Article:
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As influencer marketing grows up, brands, agencies experiment with new content tools like bots

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Influencer marketing is maturing as a business for many marketers and media agencies as they find ways to leverage creator content and gain new audiences.

From using artificial virtual influencers to micro influencers on social media, agencies and brands are realizing they need to strategize and adapt to new ways of using influencer marketing. Experts say there was perhaps more pushback early on about whether social media influencers were a reliable investment.

As Vickie Segar, founder of influencer marketing agency Village Marketing, explained, direct-to-consumer brands were quick to embrace influencers 10 years ago when she started her business. But now Fortune 500 companies are realizing they should have been investing in influencers as well — and are trying to catch up fast. As a result, Segar’s firm was acquired by WPP to join the Wunderman Thompson network earlier this year and expand creator partnerships.

“Direct-to-consumer companies got on board early,” Segar told Digiday. “I do think that there is a correction that’s happening with big brands who are now understanding that they cannot spend $400 million in TV and $300,000 in influencer. That makes no sense to anybody whatsoever.”

In some cases, companies are bumping spending from hundreds of thousands of dollars in influencer marketing to millions, Segar said. “These were [companies] that were like, ‘We weren’t doing this. We should have done it. Now we need to invest,'” Segar added.

The growth in this sector shows there is a bigger appetite in the industry. In 2022, the global influencer market is estimated to hit $16.4 billion, up from $13.8 billion in 2021 and $9.7 billion in 2020, according to Statista. And influencer marketing is becoming a more common marketing tactic, as HubSpot’s 2023 marketing strategy and trends report notes. According to HubSpot’s survey of more than 1,200 global marketers, 89% of marketers currently using influencer marketing will maintain or increase their investment in 2023.

Increasingly, social media and influencer agencies like London-based Goat have expanded this business across markets and approached influencer marketing as a newer form of performance media. The agency said it expects influencer paid media to become the best performing channel in the overall social media strategy. Similarly, holding companies including Publicis have developed creator-led commerce solutions with TikTok and Spotify, because younger consumers prefer this type of influencer content over “scripted sponsorships,” Amy Lanzi, COO of Publicis Commerce, previously told Digiday.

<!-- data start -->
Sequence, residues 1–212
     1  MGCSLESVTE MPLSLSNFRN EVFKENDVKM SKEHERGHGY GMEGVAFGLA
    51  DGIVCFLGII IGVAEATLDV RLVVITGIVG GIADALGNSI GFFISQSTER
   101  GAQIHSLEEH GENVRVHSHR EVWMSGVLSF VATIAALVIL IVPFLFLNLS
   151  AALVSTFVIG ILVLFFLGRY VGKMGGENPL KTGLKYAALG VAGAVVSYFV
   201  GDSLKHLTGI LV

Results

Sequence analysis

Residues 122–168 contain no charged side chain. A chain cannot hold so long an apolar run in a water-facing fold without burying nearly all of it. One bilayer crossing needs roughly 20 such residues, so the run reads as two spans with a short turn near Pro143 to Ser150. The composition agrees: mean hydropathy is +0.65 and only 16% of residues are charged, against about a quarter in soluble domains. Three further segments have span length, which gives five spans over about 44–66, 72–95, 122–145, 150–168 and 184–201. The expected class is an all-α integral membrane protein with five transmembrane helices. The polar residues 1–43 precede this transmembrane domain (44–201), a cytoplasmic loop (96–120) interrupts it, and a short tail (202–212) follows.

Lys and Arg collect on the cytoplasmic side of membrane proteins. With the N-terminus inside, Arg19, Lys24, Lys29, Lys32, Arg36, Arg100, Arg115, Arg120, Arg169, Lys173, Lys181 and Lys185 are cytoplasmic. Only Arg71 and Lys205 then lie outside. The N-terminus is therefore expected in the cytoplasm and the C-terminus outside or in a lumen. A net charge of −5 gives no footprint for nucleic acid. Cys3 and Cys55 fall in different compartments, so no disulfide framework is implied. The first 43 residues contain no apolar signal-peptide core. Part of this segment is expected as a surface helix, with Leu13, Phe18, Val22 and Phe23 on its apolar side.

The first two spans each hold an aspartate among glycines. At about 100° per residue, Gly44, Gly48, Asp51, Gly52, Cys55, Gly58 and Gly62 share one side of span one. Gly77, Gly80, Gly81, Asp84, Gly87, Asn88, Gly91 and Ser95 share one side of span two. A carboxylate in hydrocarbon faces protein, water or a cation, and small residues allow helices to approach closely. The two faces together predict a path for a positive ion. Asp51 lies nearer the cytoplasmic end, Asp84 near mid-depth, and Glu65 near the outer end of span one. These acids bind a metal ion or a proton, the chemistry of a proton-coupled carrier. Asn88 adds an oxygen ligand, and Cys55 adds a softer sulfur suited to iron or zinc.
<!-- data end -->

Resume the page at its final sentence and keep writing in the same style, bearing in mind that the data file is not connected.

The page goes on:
Independent agencies and holding companies alike are refining their influencer strategies to incorporate smaller creators and develop large-scale campaigns. While influencers might be known for large followings, smaller creators, who perhaps have thousands to tens of thousands in followers, can be a gateway to more niche audiences and generate better engagement. More than 56% of marketers investing in influencers are working with micro influencers, per HubSpot.

Micro influencers may also be cheaper and more relatable, added James Creech, svp of strategy at consumer intelligence company Brandwatch. Oftentimes, this type of content works well across social platforms, and brands can generate attention by using several smaller creators. “Well-known influencers are great for generating buzz or increased awareness, but niche content creators can often drive more engagement and action,” Creech added.

Brandwatch’s marketing trends report for 2023 also predicts virtual influencers will be an emerging area of influencer marketing. These virtual influencers are computer-generated characters, or bots, created for social media that interact with users online, whether as part of a service or promotion. In 2022, 35% of American consumers bought a product or service promoted by a virtual influencer, and 40% of them were Gen Z or millennial consumers, according to Brandwatch.

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For example, Prada developed a virtual influencer named Candy, named after the fashion giant’s perfume. Clothing brand PacSun also created virtual influencer Lil Miquela to promote its store through the hashtag #pacpartner. Lil Miquela has gained 2.9 million Instagram followers, surpassing PacSun’s main Instagram account, which has 2.7 million followers.

“Fans can feel a strong sense of connection to their favorite characters — think Pokemon, Barbie or Marvel superheroes,” Creech said. “Virtual influencers can help bring some of these iconic characters to life. Fans get a chance to follow virtual influencers’ online content and interact with them via social media comments or livestreams, which helps develop a parasocial relationship and nurture the connection between virtual influencer and fan.”

But influencer marketing is not without its challenges. As Segar mentioned, now more competition over influencers is driving prices up. As larger companies start to adopt influencer marketing, content creators will begin to charge more for their services.

“If you’re a DTC brand, all of these big brand players are coming in and now you have more of a crowded marketplace. You have so much demand on these creators, and these creators are increasing their rates,” Segar said.

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